• Reportedly, the Ukrainian government used a tower dump for this purpose in 2014, to make a list of all of the people whose mobile phones were present at an anti-government protest.
    • In Carpenter v. United States, the Supreme Court ruled that obtaining historical cell site location information (CSLI) containing the physical locations of cellphones without a search warrant violates the Fourth Amendment.

    Carriers also exchange data with one another about the location from which a device is currently connecting. This data is frequently somewhat less precise than tracking data that aggregates multiple towers' observations, but it can still be used as the basis for services that track an individual device—including commercial services that query these records to find where an individual phone is currently connecting to the mobile network, and make the results available to governmental or private customers. (The Washington Post reported on how readily available this tracking information has become.) Unlike the previous tracking methods, this tracking does not involve forcing carriers to turn over user data; instead, this technique uses location data that has been made available on a commercial basis.

    Mobile Signal Tracking — Cell Site Simulator

    A government or another technically sophisticated organization can also collect location data directly, such as with a cell site simulator (a portable fake cell phone tower that pretends to be a real one, in order to “catch” particular users' mobile phones and detect their physical presence and/or spy on their communications, also sometimes called an IMSI Catcher or Stingray). IMSI refers to the International Mobile Subscriber Identity number that identifies a particular subscriber's SIM card, though an IMSI catcher may target a device using other properties of the device as well.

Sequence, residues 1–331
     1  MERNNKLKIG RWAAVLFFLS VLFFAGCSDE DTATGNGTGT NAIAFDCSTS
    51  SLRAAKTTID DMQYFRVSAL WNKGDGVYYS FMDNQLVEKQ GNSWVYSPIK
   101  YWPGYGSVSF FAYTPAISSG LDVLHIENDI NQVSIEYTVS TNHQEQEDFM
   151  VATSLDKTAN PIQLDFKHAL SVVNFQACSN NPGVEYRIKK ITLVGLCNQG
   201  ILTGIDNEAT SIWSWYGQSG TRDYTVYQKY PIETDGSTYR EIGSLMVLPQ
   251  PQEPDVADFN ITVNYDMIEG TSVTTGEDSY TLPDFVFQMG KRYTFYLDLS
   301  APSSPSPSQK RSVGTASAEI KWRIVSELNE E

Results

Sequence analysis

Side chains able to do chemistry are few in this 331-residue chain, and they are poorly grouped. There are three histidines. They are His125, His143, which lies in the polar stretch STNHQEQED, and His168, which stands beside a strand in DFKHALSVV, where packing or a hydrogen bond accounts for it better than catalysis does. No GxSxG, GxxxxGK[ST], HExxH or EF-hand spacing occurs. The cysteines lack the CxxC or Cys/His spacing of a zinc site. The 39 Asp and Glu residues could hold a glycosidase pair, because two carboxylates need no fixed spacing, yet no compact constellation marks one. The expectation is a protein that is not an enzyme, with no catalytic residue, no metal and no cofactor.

An animation: a phone connects to a cell phone tower’s weak network connection: the tower requests the ID of the phone, and the phone responds with its International Mobile Subscriber Identity (IMSI) number. A cell-site simulator — presented here as a device within a mobile vehicle — appears, providing a stronger network connection. The phone connects to the cell-site simulator’s signal. The cell-site simulator requests the ID of the phone, and the phone responds with its IMSI number.

    The IMSI catcher needs to be taken to a particular location in order to find or monitor devices at that location. It should be noted that IMSI traffic interception by law enforcement would meet the parameters for a warrant. However, a “rogue” CSS, (not set up by law enforcement) would be operating outside of those legal parameters.

    Currently there is no reliable defense against all IMSI catchers. (Some apps claim to detect their presence, but this detection is imperfect.) On devices that permit it, it could be helpful to disable 2G support (so that the device can connect only to 3G and 4G networks) and to disable roaming if you don't expect to be traveling outside of your home carrier's service area. Additionally, it could be helpful to use encrypted messaging such as Signal, WhatsApp, or iMessage to ensure the content of your communications can’t be intercepted. These measures may protect against certain kinds of IMSI catchers.

    Wi-Fi and Bluetooth Tracking

    Modern smartphones have other radio transmitters in addition to the mobile network interface. They usually also have Wi-Fi and Bluetooth support. These signals are transmitted with less power than a mobile signal and can normally be received only within a short range (such as within the same room or the same building), although someone using a sophisticated antenna could detect these signals from unexpectedly long distances; in a 2007 demonstration, an expert in Venezuela received a Wi-Fi signal at a distance of 382 km or 237 mi, under rural conditions with little radio interference. However, this scenario of such a wide range is unlikely. Both of these kinds of wireless signals include a unique serial number for the device, called a MAC address, which can be seen by anybody who can receive the signal.

    A phone connects to bluetooth identifiers and wi-fi routers, sharing its MAC address as an identifiable number.